Women with Disabilities Speak
(compiled by Rachel MacNair)
Alison Davis wrote in a classic article for the journal Disability and Society:
Feminists, though accustomed to fighting for the emancipation of women, are failing to address this incongruous situation, and the double discrimination faced by women with disabilities. This is partly due to the fact that they regard abortion as an unequivocal “right.”
I will argue that far from being a right, abortion underlines women’s oppression and is counter-productive to women in general, and to disabled women in particular.
Source: Women with disabilities: Abortion and liberation. Disability and Society, 2(3), 275-284, (1987).
In her personal story on the web site of the American Psychological Association, psychologist Erin E. Andrews writes:
When I found out I was pregnant, I was overjoyed, but also apprehensive. I am a congenital triple amputee who uses a power wheelchair for mobility. I was less concerned about the effects of my disability, and more concerned about the attitudes of others toward my pregnancy. As a rehabilitation psychologist, I am well aware that women with disabilities face barriers to reproductive health and that social biases exist which portray women with disabilities as asexual, infertile, and incapable as mothers.
Source: Andrews, E. E. (2011, December). Pregnancy with a physical disability: One psychologist’s journey. Spotlight on Disability Newsletter.
Bertha Alvarez Manninen writes in Disability Studies Quarterly:
Although I self-identify as pro-choice, I do believe certain instances of abortion can be classified as, in Judith Jarvis Thomson’s words, indecent. . . . In particular, I am concerned with cases where fetuses that had been thus far welcomed and loved by their respective community are suddenly regarded as candidates for abortion simply because they may have been diagnosed with a disability. That is, I am worried about cases where disability is deemed sufficient grounds for dehumanizing a being who had been, up until that point, embraced.
Source: The replaceable fetus: A reflection on abortion and disability. Disabilities Studies Quarterly, 35(1). (2015)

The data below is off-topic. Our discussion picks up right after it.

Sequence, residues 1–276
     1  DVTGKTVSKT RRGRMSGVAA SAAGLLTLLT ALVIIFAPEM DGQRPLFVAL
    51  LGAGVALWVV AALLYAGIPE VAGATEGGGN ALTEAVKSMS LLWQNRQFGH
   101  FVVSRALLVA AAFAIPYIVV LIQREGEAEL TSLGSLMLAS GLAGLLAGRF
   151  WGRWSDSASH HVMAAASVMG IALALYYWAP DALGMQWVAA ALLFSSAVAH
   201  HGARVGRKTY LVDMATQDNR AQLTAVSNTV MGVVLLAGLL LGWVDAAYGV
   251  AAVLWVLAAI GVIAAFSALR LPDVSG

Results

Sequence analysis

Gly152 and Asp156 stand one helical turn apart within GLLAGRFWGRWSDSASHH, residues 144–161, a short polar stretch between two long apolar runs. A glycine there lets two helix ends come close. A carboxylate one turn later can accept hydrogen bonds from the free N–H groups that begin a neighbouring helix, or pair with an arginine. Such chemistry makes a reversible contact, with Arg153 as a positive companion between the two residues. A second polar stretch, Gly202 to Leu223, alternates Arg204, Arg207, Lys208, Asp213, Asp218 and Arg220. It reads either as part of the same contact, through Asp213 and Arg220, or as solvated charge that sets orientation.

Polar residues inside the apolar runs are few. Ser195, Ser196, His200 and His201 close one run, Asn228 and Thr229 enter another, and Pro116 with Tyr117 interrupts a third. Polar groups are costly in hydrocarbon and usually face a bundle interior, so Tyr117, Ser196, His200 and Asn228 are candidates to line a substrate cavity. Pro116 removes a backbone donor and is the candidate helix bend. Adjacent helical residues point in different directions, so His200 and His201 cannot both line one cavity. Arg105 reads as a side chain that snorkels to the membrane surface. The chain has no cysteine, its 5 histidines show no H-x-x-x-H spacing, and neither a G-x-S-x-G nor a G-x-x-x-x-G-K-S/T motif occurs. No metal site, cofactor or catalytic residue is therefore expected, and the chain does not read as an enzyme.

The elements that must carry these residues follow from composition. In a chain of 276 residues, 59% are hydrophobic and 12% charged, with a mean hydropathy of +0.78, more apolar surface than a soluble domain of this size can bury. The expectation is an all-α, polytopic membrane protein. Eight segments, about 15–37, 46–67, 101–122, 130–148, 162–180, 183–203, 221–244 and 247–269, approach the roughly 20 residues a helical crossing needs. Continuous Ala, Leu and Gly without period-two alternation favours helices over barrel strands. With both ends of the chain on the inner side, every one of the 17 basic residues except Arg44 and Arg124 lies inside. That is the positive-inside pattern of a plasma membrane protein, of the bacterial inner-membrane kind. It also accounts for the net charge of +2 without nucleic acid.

While today’s feminists are not responsible for the eugenic biases of their fore-mothers, some of these prejudices have persisted or have gone unchallenged in the reproductive rights movement today. Consequently many women with disabilities feel alienated from this movement. On the other hand some pro-choice feminists felt so deeply alienated from the disability community that they have been willing to claim, “The right wing wants to force us to have defective babies.” Clearly there is work to be done. . .
The fact is, it is discriminatory attitudes and thoughtless behaviors, and the ostracization and lack of accommodation which follow, that make life difficult. The oppression, one way or another, is what’s most disabling about disability. . .
But many parents of disabled children have spoken up to validate the joys and satisfactions of raising a disabled child. A vast literature of books and articles by these parents confirm the view that discriminatory attitudes make raising a disabled child much more difficult than the actual logistics of their unique care. . .
How is it possible to defend selective abortion on the basis of “a woman’s right to choose” when this “choice” is so constrained by oppressive values and attitudes? . . . For those with “disability-positive” attitudes, the analogy with sex-selection is obvious. Oppressive assumptions, not inherent characteristics, have devalued who this fetus will grow into.
Source: Disability rights and selective abortion. Conference: Gender and Justice in the Gene Age. (2004).
Ashley Asch makes the case that pro-life and pro-choice agree on in an oft-cited article:
In order to make testing and selecting for or against disability consonant with improving life for those who will inevitably be born with or acquire disabilities, our clinical and policy establishments must communicate that it is as acceptable to live with a disability as it is to live without one and that society will support and appreciate everyone with the inevitable variety of traits. . . . If that professional message is conveyed, more prospective parents may envision that their lives can be rewarding, whatever the characteristics of the child they are raising. . . . If the child with a disability is not a problem for the world, and the world is not a problem for the child, perhaps we can diminish our desire for prenatal testing and selective abortion and can comfortably welcome and support children of all characteristics.
Source: Asch, A. (1999) Prenatal Diagnosis and Selective Abortion: A Challenge to Practice and Policy. American Journal of Public Health, 89(11), 1649-1657.
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